[Jennifer]       For those of you dying to know the answer to last week's "What's It?"...  The photo is a detail of a stairwell at the Salk Institute for Biological Studies in La Jolla, California, designed by architect Louis I. Kahn, constructed from 1960-1966.  You might recognize some other views of this project:
In the original post, Adan's hand is on the handrail/guardrail.  The entire rail is fabricated of stainless steel – that's part of why it's looking so great even though it's been exposed to sea air for the past 45-50 years.  (Kudos go to David for noticing a slight amount of rust forming on the steel.  Extra points for your optimism that something non-brick could be possible at UVa.)  The toprail element is a custom fabrication of extruded stainless steel.  If you look closely, you'll see that it's similar to a standard structural shape known as an angle used in many applications in building construction (brick lintels, &c.).  My guess is it's an L3x5 modified to have a +/- 1" diameter round bulb flaring from the top flange.  It's sized such that your hand fits around the top curve nicely.  The shape is strong enough to provide the required structural support for the guardrail, and the custom profile allows it to function as a handrail; it's both in one.  It's an elegant move and an excellent example of the economy of means architects and designers struggle to achieve.  

This was a custom fabrication job.  The shape has a consistent cross-section, meaning it likely was fabricated as an extrusion of stainless steel drawn through a die.  Custom extrusions can be prohibitively expensive, but become more achievable if you're making a lot of that custom shape.  The design team that developed this detail knew they could use this shape as the handrail on every stair throughout the project.  Also, it seems as though they had an amazingly supportive patron and client in Dr. Jonas Salk.  
You can learn more about Lou Kahn in the documentary "My Architect," made by his son, Nathaniel Kahn.  Nerds can learn more about the technical details in the book Louis I. Kahn: Building Art, Building Science, by Thomas Leslie.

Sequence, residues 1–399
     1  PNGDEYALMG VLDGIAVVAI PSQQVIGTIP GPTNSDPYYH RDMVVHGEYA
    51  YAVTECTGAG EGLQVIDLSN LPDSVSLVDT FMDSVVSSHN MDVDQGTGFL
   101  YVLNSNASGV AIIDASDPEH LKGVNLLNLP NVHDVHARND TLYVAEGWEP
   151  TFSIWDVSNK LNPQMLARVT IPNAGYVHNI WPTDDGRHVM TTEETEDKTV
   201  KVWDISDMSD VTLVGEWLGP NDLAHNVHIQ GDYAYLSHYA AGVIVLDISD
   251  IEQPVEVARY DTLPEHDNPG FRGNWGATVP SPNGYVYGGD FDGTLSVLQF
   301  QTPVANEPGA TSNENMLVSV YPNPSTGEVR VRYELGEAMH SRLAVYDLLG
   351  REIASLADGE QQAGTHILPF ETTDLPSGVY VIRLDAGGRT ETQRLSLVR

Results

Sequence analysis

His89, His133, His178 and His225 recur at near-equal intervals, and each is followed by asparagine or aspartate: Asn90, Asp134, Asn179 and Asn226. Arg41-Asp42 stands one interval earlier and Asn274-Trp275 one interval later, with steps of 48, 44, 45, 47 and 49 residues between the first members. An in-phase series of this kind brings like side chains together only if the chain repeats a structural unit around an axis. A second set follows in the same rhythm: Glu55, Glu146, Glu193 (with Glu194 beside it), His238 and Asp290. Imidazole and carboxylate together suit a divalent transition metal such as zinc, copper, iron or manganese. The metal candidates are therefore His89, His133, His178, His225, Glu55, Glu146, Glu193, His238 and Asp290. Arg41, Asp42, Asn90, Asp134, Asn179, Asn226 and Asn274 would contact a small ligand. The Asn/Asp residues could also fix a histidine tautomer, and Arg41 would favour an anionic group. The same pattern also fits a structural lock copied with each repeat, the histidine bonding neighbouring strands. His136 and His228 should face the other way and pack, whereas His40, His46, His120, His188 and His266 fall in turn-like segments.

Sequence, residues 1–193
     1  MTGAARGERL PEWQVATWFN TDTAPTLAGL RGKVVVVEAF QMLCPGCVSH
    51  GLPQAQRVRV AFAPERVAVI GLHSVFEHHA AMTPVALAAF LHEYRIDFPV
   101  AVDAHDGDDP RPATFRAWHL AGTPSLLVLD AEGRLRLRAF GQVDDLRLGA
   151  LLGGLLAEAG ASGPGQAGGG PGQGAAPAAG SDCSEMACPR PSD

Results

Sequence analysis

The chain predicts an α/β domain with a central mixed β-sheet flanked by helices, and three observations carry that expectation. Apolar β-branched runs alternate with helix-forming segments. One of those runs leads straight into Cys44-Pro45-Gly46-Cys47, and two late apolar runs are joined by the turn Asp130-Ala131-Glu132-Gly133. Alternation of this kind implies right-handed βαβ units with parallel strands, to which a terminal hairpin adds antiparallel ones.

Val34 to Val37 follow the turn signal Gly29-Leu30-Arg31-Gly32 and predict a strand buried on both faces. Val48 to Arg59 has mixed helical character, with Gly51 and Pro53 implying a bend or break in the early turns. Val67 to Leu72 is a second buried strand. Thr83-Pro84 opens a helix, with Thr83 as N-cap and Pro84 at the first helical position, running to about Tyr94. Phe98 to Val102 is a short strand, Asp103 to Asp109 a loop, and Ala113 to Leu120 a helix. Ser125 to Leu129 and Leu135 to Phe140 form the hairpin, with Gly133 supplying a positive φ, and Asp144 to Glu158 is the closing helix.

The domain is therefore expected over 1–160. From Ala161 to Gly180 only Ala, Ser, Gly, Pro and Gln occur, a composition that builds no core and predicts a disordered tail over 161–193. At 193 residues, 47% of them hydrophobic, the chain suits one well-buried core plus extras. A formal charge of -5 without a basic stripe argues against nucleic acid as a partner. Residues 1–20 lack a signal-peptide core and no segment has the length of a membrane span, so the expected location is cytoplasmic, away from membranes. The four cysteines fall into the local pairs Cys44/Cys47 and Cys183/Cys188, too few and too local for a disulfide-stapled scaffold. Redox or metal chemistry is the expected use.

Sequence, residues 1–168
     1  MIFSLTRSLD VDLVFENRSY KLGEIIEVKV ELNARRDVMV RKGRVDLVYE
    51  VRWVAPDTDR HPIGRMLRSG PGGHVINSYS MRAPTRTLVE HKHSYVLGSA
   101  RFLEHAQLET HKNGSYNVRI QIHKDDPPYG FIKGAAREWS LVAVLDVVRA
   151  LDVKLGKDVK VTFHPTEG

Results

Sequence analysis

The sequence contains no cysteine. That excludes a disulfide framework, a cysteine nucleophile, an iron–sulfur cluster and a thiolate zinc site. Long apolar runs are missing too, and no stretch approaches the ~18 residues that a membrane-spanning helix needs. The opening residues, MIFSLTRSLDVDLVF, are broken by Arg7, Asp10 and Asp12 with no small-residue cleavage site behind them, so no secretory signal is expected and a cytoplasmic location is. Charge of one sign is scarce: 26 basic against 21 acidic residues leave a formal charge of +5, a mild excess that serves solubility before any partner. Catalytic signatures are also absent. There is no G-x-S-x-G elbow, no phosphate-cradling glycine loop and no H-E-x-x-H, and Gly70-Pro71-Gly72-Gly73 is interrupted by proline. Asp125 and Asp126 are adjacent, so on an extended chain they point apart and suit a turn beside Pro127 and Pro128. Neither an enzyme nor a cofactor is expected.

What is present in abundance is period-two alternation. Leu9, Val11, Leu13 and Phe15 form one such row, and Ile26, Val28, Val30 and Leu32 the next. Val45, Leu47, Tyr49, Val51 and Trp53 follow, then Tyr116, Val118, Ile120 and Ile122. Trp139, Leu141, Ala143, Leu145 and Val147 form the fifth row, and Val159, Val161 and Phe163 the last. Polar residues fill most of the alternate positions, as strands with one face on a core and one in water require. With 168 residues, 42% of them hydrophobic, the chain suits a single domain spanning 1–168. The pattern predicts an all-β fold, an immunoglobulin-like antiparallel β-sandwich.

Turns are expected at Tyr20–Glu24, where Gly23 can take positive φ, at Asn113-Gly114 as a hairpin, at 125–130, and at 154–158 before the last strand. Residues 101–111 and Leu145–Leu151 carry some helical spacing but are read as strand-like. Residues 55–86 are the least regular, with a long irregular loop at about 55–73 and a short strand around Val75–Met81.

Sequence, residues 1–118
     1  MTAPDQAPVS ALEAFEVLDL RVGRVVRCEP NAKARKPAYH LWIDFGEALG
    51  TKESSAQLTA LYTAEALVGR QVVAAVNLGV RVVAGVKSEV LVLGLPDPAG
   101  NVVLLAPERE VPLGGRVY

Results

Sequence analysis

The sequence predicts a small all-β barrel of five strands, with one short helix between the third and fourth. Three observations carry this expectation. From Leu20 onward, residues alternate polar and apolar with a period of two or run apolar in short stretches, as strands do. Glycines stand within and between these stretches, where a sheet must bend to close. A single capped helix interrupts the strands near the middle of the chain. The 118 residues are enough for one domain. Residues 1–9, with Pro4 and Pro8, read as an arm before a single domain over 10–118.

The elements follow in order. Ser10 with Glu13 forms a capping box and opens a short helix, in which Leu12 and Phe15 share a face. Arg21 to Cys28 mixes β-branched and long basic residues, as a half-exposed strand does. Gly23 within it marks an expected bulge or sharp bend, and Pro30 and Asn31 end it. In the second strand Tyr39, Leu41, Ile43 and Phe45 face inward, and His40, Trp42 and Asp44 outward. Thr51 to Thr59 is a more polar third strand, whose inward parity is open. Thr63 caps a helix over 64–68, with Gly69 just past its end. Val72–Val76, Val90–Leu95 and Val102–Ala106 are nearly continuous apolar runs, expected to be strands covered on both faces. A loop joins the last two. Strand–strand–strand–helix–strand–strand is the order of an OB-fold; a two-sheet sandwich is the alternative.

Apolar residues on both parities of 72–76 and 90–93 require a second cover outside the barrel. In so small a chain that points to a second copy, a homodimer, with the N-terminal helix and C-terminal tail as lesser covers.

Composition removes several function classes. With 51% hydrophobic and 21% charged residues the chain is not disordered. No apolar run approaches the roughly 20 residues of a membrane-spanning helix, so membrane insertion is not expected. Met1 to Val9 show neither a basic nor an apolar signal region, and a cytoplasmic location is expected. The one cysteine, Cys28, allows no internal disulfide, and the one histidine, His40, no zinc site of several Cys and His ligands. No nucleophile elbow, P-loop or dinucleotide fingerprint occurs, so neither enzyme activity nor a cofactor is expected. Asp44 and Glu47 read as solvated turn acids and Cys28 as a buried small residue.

BTW, Adan says "Hi."  He misses posting blog updates, but he's busy bringing more power to the electrified baritone ukulele and other fun stuff in development here.  Cheers, all.  
[Adan] Well, as Nancy correctly guessed in the comments, our "What is It Wednesday" challenge image did indeed depict an implement intended for human-powered boat propulsion.  In this case the object would most correctly be referred to as a sculling paddle.
Here's a bigger picture, laid out in the freshly-mown grass.

Here's how it's intended to be held.

"Sculling," in the context of paddling rather than rowing, is a cool trick that lets you move continually forward without removing your paddle from the water.  You just slice from side to side, in a figure 8 motion (more like ∞ actually), and each time you reverse direction you tip the blade slightly so it's always "climbing."

The customer is a very experienced fisherman (actually has "fishing consultant" on his business card) and came to us with an image in mind of what he wanted.  We helped him clarify the image, added dimensions that matched his specific use (from an elevated chair on a fishing boat), and of course I tried to apply a little some of the experience from my years of kayaking :-)  We iterated three times to get to this one, which seems to be a pretty fine product.  The customer can now maneuver his boat along a riverbank with just his one hand, while he occupies his other hand with the various tasks of fishing.
This image shows the blade contours.  It took a little wrangling to teach Jobot how to get those nice slicing edges to taper down in a varying angle all the way around the blade perimeter.  It turned out pretty great, though.  I'm delighted.

The wood, by the way, is cypress.  It's supposed to be fantastic for prolonged exposure to water.  To quote from the Wikipedians, "Bald cypress wood has long been valued for its water resistance thus called 'wood eternal'. Still-usable prehistoric wood is often found in swamps in New Jersey and occasionally as far north as New England although it is more common in the southeast." The customer is going to use this one without any finish at all, and if it starts to show adverse affects he'll add a spar polyurethane or some such magic material.  It's a crazy light wood.  It's like working with the world's strongest styrene foam.  Just holding it with my left hand while sanding left some alarming divots from my wedding ring!
Another image of the blade contours.  Pretty huh?

Anyway, hope you like it.  We have the customer's permission to reproduce and sell this product (his primary interest for the moment was to have a few for personal use), so if you have a burning need for one (or similar), do feel free to let us know.

And of course, let us know anything at all you feel: comments, hurrah!  And, finally, if you'd like, feel free to follow @Akertoys on Twitter.